Good Lord! How did I miss this in 2008? As usual, your ability to wordsmith is towering. It makes me feel inadequate, in a way...
The holiday has pagan roots:
It's become very American, of course. And at some point it became the standard place for American "masquerade parties," and these have sort of degenerated as time has gone on.
If I had kids I think we'd celebrate all three days: Halloween and pumpkin carving (graveyard imagery being okay, but crimes and criminal imagery, not), All Saint's Day ("saints" being both legendary Christians and, in a more general sense, the community of Christians) and All Soul's Day (a remembrance of those who have departed).
My husband died Spring 2008 after forty years of marriage. I read this wonderful essay in October the same year,the next year and now tonight. Gerard you are wordsmith "par excellance"
"And may God deny you peace, but give you glory!"
Salamanca, In the year of grace 1912.
The last sentence of Miguel de Unamuno's, "Tragic Sense of Life," treatise on the existence of the soul. Magnificently dark, and yet sweetly joyful and compelling.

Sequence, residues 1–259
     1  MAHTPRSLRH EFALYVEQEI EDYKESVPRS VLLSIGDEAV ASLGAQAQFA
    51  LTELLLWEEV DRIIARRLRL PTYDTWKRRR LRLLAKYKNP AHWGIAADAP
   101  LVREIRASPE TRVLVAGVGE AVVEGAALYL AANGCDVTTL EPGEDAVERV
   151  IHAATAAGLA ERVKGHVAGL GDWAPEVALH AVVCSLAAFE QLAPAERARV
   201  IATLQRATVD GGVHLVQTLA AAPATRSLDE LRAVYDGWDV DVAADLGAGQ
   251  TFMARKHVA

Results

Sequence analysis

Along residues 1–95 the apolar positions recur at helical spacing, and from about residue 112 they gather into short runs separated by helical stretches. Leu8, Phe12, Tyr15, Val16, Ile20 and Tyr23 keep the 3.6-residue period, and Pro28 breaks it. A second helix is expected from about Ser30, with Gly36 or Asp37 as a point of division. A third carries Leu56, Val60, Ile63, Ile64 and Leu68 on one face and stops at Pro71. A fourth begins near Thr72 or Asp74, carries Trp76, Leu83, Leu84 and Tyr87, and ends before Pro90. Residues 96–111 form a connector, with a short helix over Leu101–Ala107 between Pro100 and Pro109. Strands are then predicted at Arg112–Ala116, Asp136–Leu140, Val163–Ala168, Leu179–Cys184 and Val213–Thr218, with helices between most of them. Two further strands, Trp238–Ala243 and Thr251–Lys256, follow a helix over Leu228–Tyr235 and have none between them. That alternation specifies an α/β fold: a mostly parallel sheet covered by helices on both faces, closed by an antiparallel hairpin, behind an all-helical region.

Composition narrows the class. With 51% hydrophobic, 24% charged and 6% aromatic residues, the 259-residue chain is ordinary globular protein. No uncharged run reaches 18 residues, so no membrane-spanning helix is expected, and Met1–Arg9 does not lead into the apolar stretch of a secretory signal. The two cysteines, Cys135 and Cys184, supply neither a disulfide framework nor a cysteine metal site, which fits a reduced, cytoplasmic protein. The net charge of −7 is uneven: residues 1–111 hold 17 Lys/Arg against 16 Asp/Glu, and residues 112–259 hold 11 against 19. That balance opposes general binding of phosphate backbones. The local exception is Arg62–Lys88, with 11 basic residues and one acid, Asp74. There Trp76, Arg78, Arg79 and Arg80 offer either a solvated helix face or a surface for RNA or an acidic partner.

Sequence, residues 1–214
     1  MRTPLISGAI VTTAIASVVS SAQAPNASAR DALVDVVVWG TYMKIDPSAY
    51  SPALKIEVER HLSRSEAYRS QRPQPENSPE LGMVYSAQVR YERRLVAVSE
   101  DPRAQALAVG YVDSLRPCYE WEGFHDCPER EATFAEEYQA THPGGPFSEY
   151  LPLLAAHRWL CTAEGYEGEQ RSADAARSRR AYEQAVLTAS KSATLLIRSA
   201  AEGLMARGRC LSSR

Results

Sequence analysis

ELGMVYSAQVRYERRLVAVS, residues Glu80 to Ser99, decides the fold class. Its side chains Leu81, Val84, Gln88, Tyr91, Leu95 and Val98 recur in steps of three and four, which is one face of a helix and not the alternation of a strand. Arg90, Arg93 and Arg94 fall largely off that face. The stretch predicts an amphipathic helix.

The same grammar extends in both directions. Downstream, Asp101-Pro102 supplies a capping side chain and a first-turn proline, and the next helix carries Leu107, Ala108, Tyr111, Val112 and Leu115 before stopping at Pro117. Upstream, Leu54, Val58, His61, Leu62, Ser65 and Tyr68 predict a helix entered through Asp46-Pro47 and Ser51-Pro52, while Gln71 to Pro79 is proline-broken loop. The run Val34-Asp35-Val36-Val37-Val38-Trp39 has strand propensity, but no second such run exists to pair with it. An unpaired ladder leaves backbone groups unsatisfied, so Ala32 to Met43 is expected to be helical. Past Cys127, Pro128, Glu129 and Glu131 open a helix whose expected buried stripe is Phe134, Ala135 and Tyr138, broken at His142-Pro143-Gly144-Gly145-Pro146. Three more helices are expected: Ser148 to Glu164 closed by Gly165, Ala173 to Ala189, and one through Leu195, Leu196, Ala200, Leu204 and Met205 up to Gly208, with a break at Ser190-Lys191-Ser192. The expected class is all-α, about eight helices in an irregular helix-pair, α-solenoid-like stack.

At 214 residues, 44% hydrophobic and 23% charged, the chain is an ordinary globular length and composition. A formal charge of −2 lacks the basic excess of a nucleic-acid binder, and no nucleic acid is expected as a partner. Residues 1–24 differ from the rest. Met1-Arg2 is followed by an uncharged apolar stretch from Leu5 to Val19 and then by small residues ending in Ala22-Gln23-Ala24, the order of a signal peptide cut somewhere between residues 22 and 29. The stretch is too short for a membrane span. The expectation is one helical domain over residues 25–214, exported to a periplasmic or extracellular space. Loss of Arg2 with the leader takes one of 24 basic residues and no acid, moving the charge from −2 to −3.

If you make me think of that fellow you're definitely sailing in the slipstream, compañero.
A small point - to Catholics (and some other Christians), November 1st is All Saints Day - to honor all those people who have died and gone to heaven, but are not canonized. It is usually a Holy Day of obligation - we have to go to Mass. Halloween comes from All Hallows' Eve - the day before All Saints Day.
November 2 is All Souls Day - where Catholics pray for those who have died but may not be in heaven yet, because they are in Purgatory.
Nihilists have Nothing to fear.
(Repeated here as a nod to the exact train of thought I was riding elsewhere.)
One of the best articles I've seen written in a long time. Hits the core of our problems. Very nice. Re-post on a regular basis please ?